The tiny Eleutherodactylus coqui, the Puerto Rican tree frog, sings from dusk to dawn, and its music -- somewhere between a whistle and a chant -- permeates the island, reports Lolita Villanua, founder and director of the five-year-old Andanza Contemporary Dance Company.

When her colleague, Brazilian-based choreographer Matias Santiago, visited Andanza in San Juan, he couldn't get that sound and that frog out of his mind. So he created a dance -- the solo "Eleuther" -- paying tribute to the petite creature with the splayed toes. On Wednesday and Thursday, Washington dance audiences will be introduced to the coqui through Santiago's choreography when Andanza dancer Roberto Lopez performs as an amphibian with his rubbery legs, expansive flexibility and a primordial stare.

Villanua takes pride in presenting her Puerto Rican heritage to audiences both at home in San Juan and abroad. "If you come to Puerto Rico one day, you will hear at night the sound of the coqui," she says. "It's very beautiful." Andanza makes its Kennedy Center debut joining nearly a dozen other music, theater and performing groups in the three-week-long AmericArtes festival, which this year focuses on the Espiritu de Puerto Rico. Villanua proudly points out that hers is the youngest company in the invitation-only festival.

When Villanua founded her nine-dancer troupe in 1999, her career had already taken her from the toe shoes and tutus of Ballet Concierto de Puerto Rico to the National Academy of Arts in Champaign, Ill., to Brazil's contemporary Grupo Corpo. Back home in Puerto Rico, she returned to a dearth of modern dance opportunities. Andanza, created with like-minded colleagues ready to move on from Ballet Concierto, was meant to provide an outlet for dancers and audiences who wanted something beyond the island's two classical companies.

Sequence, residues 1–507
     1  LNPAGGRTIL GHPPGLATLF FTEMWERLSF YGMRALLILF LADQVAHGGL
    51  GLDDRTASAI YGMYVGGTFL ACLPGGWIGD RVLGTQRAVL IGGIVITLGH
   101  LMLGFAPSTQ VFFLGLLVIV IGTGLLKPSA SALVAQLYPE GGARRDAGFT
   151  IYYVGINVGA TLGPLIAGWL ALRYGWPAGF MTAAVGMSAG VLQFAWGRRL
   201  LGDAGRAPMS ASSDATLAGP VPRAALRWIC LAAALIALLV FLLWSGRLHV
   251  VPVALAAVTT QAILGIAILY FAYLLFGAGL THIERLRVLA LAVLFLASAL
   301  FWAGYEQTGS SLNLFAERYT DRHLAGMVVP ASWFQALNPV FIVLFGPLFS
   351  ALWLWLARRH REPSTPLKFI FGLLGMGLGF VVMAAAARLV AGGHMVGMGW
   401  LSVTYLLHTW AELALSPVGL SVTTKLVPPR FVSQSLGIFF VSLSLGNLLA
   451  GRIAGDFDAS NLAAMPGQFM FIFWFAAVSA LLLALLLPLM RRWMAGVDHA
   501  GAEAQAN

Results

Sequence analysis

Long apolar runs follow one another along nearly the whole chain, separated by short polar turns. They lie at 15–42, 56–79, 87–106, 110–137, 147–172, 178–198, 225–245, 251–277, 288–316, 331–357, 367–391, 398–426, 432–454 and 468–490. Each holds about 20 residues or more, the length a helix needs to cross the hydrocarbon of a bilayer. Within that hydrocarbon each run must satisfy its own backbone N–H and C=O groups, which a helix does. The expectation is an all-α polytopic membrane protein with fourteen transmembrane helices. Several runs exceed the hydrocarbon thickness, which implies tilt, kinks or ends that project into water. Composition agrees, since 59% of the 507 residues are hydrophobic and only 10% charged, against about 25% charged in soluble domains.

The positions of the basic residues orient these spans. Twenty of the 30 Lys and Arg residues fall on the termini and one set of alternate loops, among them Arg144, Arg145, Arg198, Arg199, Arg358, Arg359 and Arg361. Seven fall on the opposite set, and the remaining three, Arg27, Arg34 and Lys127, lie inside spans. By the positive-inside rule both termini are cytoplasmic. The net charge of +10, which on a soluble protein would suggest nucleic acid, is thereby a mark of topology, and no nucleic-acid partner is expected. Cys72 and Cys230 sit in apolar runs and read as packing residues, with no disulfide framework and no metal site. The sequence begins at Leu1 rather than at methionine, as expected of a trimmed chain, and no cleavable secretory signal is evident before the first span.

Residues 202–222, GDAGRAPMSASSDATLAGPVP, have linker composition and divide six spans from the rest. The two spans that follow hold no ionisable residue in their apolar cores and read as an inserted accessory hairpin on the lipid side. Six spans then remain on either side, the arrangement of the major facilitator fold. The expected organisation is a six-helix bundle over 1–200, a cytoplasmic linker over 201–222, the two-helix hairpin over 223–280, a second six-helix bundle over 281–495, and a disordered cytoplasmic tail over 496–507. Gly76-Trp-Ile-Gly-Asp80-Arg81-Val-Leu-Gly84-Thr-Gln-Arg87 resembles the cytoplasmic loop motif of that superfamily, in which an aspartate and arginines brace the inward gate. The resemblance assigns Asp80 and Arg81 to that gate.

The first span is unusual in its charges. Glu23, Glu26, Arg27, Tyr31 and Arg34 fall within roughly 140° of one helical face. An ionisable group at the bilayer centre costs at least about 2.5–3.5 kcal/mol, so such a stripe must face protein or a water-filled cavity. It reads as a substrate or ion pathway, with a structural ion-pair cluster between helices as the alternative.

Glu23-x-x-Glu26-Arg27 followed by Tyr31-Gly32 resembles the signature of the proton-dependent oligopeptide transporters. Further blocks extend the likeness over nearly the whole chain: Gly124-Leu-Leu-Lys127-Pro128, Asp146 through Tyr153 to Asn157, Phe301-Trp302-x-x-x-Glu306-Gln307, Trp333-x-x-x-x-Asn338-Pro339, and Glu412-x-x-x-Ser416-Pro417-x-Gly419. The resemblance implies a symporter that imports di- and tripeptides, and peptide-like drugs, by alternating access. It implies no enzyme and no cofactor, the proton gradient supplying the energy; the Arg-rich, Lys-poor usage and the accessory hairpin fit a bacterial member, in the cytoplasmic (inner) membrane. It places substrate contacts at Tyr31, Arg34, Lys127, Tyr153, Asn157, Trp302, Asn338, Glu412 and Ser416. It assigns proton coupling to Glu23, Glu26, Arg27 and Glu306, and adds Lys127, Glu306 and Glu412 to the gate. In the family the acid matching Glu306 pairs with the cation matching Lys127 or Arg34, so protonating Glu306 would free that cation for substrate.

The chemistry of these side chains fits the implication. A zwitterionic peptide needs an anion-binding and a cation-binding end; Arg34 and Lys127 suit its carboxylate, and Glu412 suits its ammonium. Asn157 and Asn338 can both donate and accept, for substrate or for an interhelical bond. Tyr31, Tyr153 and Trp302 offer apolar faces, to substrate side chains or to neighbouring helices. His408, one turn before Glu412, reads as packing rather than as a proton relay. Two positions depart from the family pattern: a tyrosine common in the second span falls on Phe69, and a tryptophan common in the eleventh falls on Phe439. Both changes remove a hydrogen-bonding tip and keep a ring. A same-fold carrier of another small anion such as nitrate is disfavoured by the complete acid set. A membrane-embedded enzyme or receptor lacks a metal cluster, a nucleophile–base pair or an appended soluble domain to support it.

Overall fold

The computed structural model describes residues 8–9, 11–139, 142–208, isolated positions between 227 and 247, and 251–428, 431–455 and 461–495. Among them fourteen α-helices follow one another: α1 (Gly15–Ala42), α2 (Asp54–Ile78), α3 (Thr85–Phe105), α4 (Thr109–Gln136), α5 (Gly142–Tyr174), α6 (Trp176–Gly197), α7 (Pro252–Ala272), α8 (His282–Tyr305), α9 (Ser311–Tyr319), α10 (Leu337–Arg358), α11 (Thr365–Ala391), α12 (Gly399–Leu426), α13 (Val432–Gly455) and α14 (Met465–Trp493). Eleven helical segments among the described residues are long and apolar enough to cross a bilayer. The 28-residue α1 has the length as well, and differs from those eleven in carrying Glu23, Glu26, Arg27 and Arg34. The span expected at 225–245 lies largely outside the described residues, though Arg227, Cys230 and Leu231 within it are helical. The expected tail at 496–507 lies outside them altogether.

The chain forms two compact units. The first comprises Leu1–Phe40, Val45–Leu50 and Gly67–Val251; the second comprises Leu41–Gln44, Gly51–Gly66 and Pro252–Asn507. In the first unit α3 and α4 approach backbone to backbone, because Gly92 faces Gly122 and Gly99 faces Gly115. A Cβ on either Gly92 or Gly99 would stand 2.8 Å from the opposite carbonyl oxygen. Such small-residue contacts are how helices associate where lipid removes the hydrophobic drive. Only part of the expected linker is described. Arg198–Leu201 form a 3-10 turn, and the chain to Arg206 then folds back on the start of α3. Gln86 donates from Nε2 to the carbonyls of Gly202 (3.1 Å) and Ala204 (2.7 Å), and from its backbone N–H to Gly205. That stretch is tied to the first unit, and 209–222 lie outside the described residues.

Villanua, 34, choreographs, dances, teaches and directs the company with an eye to maintaining a connection to the dancers' roots in Puerto Rican soil. "I definitely have a way of moving that is very Puerto Rican," she says. "I'm a salsa lover, so I love hips and movements that are not at all classical." The nine dancers perform with an athletic vigor and intensity that rivals some of the best contemporary troupes in the Americas.

"Fuimonos," one of Villanua's earliest works for Andanza, has a distinctly Puerto Rican flair. " 'Fuimonos' is a very popular idiom to say, 'We're gone, we're outta here,' " she explains. "It's like an icon to us. Everywhere we say it."

The San Juan setting of the work features the city's prevalent iron security bars on doors and windows, which Villanua sees as a metaphor for a variety of barriers in life. "In Puerto Rico we have a very high level of criminality," she says. "The security doors are like a prison lockdown just to get in your house. But at the same time in Puerto Rico, there are beautiful parts of the city. . . . We give the dancers musical instruments and turn it into something positive and dance."

ANDANZA CONTEMPORARY DANCE COMPANY -- Performs Wednesday and Thursday at 7:30 at the Kennedy Center Terrace Theater. 202-467-4600.

The Andanza Contemporary Dance Company will bring the spirit of Puerto Rico to the Kennedy Center.